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Sheffield History

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Date: 23 May 2020 [unknown]
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Surnames/tags: Sheffield Name_Studies
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COA

The name Sheffield is of Anglo-Saxon origin. The name was first used in Rutland, where the Sheffields held a family seat. Spelling variations of the name include Sheffield, Shefield, Sheffeild, Shiffield, and many more. Please see the links below for information about Sheffield, UK.

History of Sheffield
Timeline of Sheffield History
Heraldry
Wheat Sheaf A sheaf is a large bundle in which cereal plants are bound after reaping so they are convenient for threshing out the grain. In heraldry, a wheat sheaf is called a 'garb'. The garb (or wheat-sheaf), signifies plenty and commendable hospitality in the bearer. It may also mean that the harvest of the bearer’s hopes is secured. One of the earliest appearances of garbs in heraldry was on the seal of Ranulph, Earl of Chester who died in 1232. Garbs became identified thereafter with the Earldom of Chester, though they also appear in the arms of other families, some with a distant connection to the Earls and some without, as well as in armories of other countries.
Wheat Sheaf The chevron represents the foot of a house, derived from the French work ‘chevron’ meaning rafter. It signifies protection. The chevron was granted to those who had participated in some notable enterprise, had built churches or fortresses, or had accomplished some work requiring faithful service. The color RED signifies Warrior or martyr; Military strength and magnanimity. WHITE signifies Peace and sincerity.
Sheffield Cross
Sheffield Cross
A 9th century Anglian cross-shaft, now in the British Museum, has been hollowed out and was found in use as a trough in a cutler's shop in the Park, Sheffield. It may be part of the churchyard cross removed in 1570. It is thought that it may have originated from the churchyard at the Cathedral of St Peter and St Paul, formerly the parish church. It includes ambiguous imagery of an archer: in Christian iconography of the period the archer could be a negative figure representing the evils and dangers of the world from which God protects believers. Equally some authorities have interpreted the archer as one of the horsemen of the apocalpse who was traditionally depicted with a bow, or a positive allegory of the "arrows" of the psalms or of God's teaching striking home.[1]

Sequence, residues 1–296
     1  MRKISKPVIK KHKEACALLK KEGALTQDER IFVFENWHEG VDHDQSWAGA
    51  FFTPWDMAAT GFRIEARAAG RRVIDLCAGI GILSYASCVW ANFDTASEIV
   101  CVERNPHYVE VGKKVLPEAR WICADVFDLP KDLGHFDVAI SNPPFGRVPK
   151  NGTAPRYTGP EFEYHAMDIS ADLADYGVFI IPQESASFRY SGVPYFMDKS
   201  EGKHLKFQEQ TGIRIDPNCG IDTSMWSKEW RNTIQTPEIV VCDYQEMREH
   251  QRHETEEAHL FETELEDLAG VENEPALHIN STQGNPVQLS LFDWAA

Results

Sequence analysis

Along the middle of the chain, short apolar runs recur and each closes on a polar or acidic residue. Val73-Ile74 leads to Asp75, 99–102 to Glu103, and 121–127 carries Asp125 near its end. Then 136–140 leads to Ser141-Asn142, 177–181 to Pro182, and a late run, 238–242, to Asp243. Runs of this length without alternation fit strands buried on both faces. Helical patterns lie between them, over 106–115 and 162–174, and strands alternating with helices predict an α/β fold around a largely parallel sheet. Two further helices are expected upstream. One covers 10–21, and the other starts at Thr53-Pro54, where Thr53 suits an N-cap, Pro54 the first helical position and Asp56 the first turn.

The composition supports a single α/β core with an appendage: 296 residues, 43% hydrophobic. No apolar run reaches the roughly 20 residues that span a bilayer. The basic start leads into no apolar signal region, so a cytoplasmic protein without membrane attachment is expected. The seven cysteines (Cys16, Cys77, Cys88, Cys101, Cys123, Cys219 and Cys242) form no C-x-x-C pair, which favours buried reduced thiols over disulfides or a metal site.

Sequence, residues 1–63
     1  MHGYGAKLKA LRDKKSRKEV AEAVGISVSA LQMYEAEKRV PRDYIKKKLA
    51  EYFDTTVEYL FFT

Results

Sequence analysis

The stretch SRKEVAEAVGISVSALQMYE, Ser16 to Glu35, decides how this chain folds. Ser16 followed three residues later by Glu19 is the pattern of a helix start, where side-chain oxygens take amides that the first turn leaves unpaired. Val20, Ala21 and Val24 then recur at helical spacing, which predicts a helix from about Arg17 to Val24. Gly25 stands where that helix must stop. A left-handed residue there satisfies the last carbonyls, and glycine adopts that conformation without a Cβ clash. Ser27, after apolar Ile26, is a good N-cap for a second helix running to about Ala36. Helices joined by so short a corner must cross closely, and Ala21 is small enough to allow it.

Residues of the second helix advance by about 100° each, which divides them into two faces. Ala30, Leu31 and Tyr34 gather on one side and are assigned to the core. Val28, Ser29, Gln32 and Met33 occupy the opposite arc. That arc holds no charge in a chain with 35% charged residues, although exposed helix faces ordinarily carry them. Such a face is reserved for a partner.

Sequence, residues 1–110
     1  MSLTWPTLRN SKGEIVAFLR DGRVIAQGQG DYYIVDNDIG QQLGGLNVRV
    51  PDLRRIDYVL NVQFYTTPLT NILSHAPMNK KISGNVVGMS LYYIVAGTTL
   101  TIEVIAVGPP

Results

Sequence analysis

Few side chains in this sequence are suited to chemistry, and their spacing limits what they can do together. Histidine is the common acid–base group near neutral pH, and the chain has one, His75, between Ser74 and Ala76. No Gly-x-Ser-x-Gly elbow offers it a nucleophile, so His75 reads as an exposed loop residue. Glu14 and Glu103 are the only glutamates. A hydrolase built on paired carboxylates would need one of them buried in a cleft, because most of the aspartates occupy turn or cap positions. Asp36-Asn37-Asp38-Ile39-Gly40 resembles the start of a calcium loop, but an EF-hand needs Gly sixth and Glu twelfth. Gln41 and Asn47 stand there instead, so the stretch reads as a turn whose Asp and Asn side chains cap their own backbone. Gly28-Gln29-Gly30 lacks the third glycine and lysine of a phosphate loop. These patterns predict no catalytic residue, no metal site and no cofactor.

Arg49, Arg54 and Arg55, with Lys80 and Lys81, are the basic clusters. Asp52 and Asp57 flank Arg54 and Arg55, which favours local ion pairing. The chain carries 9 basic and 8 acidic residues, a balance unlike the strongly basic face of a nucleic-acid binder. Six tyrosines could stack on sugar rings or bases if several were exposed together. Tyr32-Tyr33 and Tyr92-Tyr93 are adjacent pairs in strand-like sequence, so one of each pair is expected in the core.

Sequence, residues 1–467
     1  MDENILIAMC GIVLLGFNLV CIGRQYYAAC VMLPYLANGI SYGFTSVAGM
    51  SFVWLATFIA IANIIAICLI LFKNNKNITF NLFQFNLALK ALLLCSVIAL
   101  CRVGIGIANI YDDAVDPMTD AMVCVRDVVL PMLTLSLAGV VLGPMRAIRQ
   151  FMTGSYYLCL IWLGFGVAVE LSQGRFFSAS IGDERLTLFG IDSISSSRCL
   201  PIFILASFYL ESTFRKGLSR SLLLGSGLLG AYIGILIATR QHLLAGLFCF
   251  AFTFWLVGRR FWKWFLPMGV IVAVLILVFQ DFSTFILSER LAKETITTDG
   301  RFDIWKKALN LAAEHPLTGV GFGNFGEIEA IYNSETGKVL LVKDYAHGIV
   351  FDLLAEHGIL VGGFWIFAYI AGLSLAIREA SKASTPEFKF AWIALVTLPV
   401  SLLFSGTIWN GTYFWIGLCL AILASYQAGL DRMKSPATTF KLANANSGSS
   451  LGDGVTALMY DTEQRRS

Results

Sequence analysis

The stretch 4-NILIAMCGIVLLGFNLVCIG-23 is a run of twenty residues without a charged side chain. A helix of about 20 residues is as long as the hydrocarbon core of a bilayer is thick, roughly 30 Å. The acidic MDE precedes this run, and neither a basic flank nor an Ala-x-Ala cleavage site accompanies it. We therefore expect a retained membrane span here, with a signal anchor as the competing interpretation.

Sheffield Cathedral
Sheffield Cathedral ca 1819
The site of the cathedral has a long history of Christian use. The shaft of the 9th-century Sheffield Cross, believed to have formerly been sited here, is now held by the British Museum.[1] It is probable that Sheffield's parish church, a satellite of Worksop Priory, was constructed here in the 12th century by William de Lovetot at the opposite end of the town to Sheffield Castle. This established the area of the parish of Sheffield, unchanged until the 19th century. This church was burnt down in 1266 during the Second Barons' War against King Henry III

Sources

  1. Pastscape MONUMENT NO. 314520




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Categories: Sheffield Name Study